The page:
Google and VPN: What Could It Mean for Android Users?
The battle between iOS and Android is a multifaceted one that involves features, functions, hardware design, app availability, and a host of other factors. One key player in the battle is security. Viruses and malware that infect iOS are rare while Android devices have more security issues. However, the latest advancement from Google could change that. A Virtual Private Network (VPN) service may be on the horizon for Android loyalists.
A Hidden Gem
A reviewer for Pocketables, a tech website, stumbled across the secret when while exploring the latest Android update. The application, named “Google Connectivity Services,” is a juicy bit of code that reveals a possible future Google VPN service. eWeek relates, “Pocketable’s reviewer placed a shortcut to the application on his device’s home screen using QuickShortcutMaker and then launched the application. The action prompted a pop-up message informing the user that: ‘To help protect you on open WiFi networks, your data will be transmitted securely through a Google VPN.‘”
Disappointingly, when the review tapped the “got it” option in the app, nothing happened. The obvious conclusion, of course, is that the idea is still in its nascent stages. The other tappable option, “learn more,” doesn’t reveal any further details about the up and coming service.
A VPN for Google MVNO?
When and if the Google VPN comes to light, it may not be available to all Android users. In fact, it may only be available to people who subscribe to Google’s Mobile Virtual Network Operator (MVNO) service. An MVNO service is something like Tracfone, where a company uses the networks of big name cell phone service providers like Verizon or T-Mobile to sell its own wireless services.
Cell service from Google? It will happen, although the release date and the devices it will work with remain unknown. The wireless service, now called Nova, would likely appeal to more people if they knew it came with a trusty VPN.
Can we know anything for sure about the Google VPN and its relationship with Nova? The website Android Police says, “The code present in this application is primarily for implementing protocols and communicating with remote services, but it’s indisputably meant to talk to Nova.”
Not only would a VPN help Google protect Nova users, but it would also help Google to gather valuable data on the quality of various public Wi-Fi networks.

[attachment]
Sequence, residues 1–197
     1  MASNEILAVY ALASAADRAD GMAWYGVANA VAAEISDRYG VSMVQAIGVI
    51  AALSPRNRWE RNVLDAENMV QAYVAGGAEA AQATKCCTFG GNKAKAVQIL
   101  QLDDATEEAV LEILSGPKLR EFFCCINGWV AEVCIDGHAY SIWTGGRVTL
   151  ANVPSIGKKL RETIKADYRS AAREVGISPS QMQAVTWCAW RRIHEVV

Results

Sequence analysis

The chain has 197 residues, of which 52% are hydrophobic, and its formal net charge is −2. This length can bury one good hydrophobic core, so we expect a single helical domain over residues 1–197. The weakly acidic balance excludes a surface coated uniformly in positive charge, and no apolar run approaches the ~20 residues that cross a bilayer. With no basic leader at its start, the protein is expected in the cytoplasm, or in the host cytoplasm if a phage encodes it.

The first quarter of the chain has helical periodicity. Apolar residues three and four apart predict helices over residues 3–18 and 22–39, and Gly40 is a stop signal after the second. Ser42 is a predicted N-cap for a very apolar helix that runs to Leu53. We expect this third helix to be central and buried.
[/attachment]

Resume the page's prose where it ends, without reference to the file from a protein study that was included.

Will It Become a Reality?
The Pocketables reviewer who discovered the code for the VPN found it on a Nexus 6 device, which were the first to receive the Lollipop OS. It is possible that Google is waiting to roll out the VPN until more devices have Lollipop, or the tech giant may want to try it out for a while before they make it available to non-Google Android devices.
Another possibility is that Google is waiting for the Nova rollout before it dives headlong into providing a VPN.
No one outside of Google knows what the future holds for the VPN. Google may even discontinue it before it hits the mainstream, as they did with their App Opps service.
As Gizmodo explains, “VPNs, or Virtual Private Networks, allow users to securely access a private network and share data remotely through public networks. Much like a firewall protects your data on your computer, VPNs protect it online.”
When you consider the perks that come along with using a VPN, it’s easy to see why the application that Pocketables discovered is creating so much buzz in the tech world. Android users love the OS for its customizable options and its other advanced features, and having an extra layer of security to protect them while they’re on public Wi-Fi would be another big reason to stay loyal to the platform. Many businesses put data privacy as a primary concern, so a VPN could even draw in more corporate customers for Android.
Because the future of Google’s VPN is hazy, Android users shouldn’t depend on it to protect them when they’re using public Wi-Fi — especially not before the service is even official. Download Hotspot Shield for Android to guard against malware and prying eyes. It connects you to secure servers so you can surf the web anywhere, on almost any kind of device, without worries. It’s also available for iOS, PCs and Mac devices. Visit www.hotspotshield.com to learn more.
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